Man sues Liberty Lake, officers
Hong Ha says he was wrongfully arrested, discriminated against
A Vietnamese-American who fought at the side of U.S. forces in the Vietnam War says his civil rights were violated by Liberty Lake police who detained him in 2007 while searching for a suspect in a hit-and-run accident.
Hong Ha, of Spokane, has filed a lawsuit in Spokane County Superior Court against Liberty Lake, the city’s Chief of Police Brian Asmus, police Sergeant Clint Gibson and Detective Ray Bourgeois, accusing the defendants of false imprisonment, wrongful arrest and discrimination.
“There was no basis to arrest him and throw him in the back of the police car,” said Larry Kuznetz, Ha’s Spokane attorney. “He never expected that to happen in the United States.”
Asmus said his officers had “a reasonable suspicion” that they had detained the actual crime suspect and acted appropriately.
Ha’s claims stem from an Aug. 27, 2007, three-car collision on East Appleway. Liberty Lake police were searching for one of the drivers, described as “an Oriental male” named Johnny, who allegedly fled the scene of the accident in a maroon Toyota sedan.
Minutes after the accident, Gibson pulled over and detained Ha, in a maroon Toyota on Appleway. It was later determined that both Ha and the actual suspect had just finished their shift at nearby Huntwood Industries.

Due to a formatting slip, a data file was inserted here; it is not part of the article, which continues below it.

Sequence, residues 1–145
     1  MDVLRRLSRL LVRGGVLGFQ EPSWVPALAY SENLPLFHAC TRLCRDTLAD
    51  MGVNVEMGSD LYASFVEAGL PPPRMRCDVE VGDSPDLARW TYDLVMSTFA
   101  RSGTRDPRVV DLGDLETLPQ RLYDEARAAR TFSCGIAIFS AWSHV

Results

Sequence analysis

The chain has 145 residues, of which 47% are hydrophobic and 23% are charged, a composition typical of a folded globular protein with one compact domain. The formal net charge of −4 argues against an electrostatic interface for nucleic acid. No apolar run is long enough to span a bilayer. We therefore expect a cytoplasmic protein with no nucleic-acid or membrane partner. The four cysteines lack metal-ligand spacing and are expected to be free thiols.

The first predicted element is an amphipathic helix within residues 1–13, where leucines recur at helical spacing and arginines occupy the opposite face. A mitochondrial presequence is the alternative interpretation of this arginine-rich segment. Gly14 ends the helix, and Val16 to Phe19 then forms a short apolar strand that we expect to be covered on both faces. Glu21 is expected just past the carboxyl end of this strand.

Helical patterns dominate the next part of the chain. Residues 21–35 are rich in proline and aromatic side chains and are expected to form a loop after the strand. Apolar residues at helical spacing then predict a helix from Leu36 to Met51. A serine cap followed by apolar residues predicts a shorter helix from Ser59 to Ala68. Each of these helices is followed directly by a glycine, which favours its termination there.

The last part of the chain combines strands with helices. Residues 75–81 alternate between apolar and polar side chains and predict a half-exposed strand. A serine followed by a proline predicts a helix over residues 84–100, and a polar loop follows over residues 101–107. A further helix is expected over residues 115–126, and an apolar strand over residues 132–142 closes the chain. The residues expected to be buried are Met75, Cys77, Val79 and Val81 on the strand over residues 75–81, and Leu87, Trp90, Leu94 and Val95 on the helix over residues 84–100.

Ha, who was 68 at the time, repeatedly told Gibson he was not involved in the accident, but the sergeant nevertheless brought him to the scene to be identified by witnesses who were being interviewed by Bourgeois.
Asmus said a witness who could have positively identified the suspect had left the scene of the accident by bus.
Ha was searched, handcuffed and placed in the back of a patrol car. The lawsuit claims this was done painfully and without cause. Ha, who speaks limited English, said his request for an interpreter was ignored.
After inspecting Ha’s car and finding no indication it was involved in an accident, police released Ha.
“The plaintiff stated that he knew Johnny, and his car was much older and was red rather than maroon,” according to the lawsuit. Ha said his driver’s license should have indicated to officers that he was not the suspect.
Ha, who served as a captain in the South Vietnamese Army, immigrated with his family to the United States and settled in Spokane in 1994.
Kuznetz described the actions of Liberty Lake police as “a knee-jerk reaction” and said officers should have used more discretion rather than “stereotyping this gentleman.”
Asmus said officers acted appropriately considering Ha’s similarity to the suspect’s description and that it is “policy and procedure” to search and handcuff anyone detained in a patrol car.
Contact Kevin Graman at 459-5433 or email@example.com.